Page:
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Renal length was measured from normal real-time sonograms of 203 pediatric patients and graphed to provide a "growth chart" of normal renal size vs. age. Mean renal lengths are reported for each year of age. For children older than 1 year, the regression equation is: renal length (cm) = 6.79 + 0.22 X age (years). For babies younger than 1 year, the equation(More)
The vessels that supply the basal ganglia and thalami are not normally conspicuous on the cranial sonograms of neonates. Twelve neonates with abnormally echogenic or "bright" vessels on cranial sonograms were studied. Records of these 12 patients were reviewed and were correlated with the neuropathologic findings available in four. The clinical diagnoses(More)
Renal growth and function were studied in a sixteen year old recipient of a renal transplant from a 16 month old cadaveric donor. Within one month, as measured by sequential inulin and creatinine clearances, glomerular filtration rate was 40 ml/min, which was more than 6 times the estimated pretransplant clearance. Ultrasound of the transplanted kidney(More)
Sonography was performed on five children, ages 1 day-9 years, who had classic infantile polycystic kidney disease and on one child who had glomerulocystic renal disease. Microcystic involvement of the kidneys in infantile polycystic kidney disease results in renal enlargement, increased echogenicity of renal parenchyma but good transmission of sound(More)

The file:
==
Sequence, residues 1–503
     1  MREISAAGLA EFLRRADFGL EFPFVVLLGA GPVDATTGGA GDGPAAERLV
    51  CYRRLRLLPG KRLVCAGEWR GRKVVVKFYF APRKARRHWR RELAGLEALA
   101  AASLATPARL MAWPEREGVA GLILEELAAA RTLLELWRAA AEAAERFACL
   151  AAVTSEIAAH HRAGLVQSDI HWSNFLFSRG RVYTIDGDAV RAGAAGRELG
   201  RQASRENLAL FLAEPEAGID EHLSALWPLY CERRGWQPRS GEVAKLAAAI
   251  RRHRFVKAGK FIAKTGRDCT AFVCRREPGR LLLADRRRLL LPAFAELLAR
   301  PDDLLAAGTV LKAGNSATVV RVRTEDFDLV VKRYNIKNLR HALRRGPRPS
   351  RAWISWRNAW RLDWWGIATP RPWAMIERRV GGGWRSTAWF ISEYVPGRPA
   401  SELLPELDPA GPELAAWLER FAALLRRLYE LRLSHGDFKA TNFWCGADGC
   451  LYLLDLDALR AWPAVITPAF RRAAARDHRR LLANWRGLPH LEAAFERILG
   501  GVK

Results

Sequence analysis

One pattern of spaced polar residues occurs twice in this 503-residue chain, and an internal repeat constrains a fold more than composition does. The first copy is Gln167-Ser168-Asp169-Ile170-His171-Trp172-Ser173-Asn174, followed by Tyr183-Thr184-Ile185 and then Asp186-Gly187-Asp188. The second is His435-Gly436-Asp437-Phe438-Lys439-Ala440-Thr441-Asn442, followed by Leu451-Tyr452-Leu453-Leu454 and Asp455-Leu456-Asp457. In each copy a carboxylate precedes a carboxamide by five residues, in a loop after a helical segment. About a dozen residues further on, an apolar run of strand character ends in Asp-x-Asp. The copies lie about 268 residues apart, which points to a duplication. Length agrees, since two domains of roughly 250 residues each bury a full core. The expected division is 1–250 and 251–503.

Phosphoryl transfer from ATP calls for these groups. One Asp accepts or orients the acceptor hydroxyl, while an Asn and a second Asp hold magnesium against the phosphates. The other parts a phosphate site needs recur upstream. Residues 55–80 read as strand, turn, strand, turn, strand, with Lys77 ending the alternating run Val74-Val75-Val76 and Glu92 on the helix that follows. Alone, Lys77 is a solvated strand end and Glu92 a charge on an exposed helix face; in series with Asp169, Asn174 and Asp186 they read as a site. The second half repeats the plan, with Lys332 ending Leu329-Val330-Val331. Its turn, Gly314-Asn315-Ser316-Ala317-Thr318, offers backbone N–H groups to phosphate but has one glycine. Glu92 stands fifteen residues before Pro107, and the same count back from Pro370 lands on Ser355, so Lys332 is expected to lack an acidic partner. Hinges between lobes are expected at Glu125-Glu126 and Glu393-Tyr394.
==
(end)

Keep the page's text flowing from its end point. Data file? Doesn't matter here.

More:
Ninety-six children with an irritable hip possibly representing septic arthritis underwent clinical and laboratory evaluation, radiography, and ultrasonography (US). Forty had normal US scans; none were later shown to have septic arthritis, although three had osteomyelitis. Fifty-six children had effusion at US. Thirty-one of these underwent US-guided(More)
Twenty-eight infants with jaundice were evaluated with ultrasound and radionuclide scans. Comparison of these studies with pathologic, surgical and clinical examinations demonstrated good correlation between ultrasonic and radionuclide studies. Ultrasound is an important preliminary study in the workup of such patients. Combined imaging provides the most(More)
The child with eosinophilic gastroenteritis has failure to thrive, a history of allergy or asthma, iron deficiency anemia, and peripheral eosinophilia. This type of eosinophilic gastroenteritis has earned the designation "allergic gastroenteropathy." Pathologic change in the gastric antrum of six children with this disease correlated with an abnormal(More)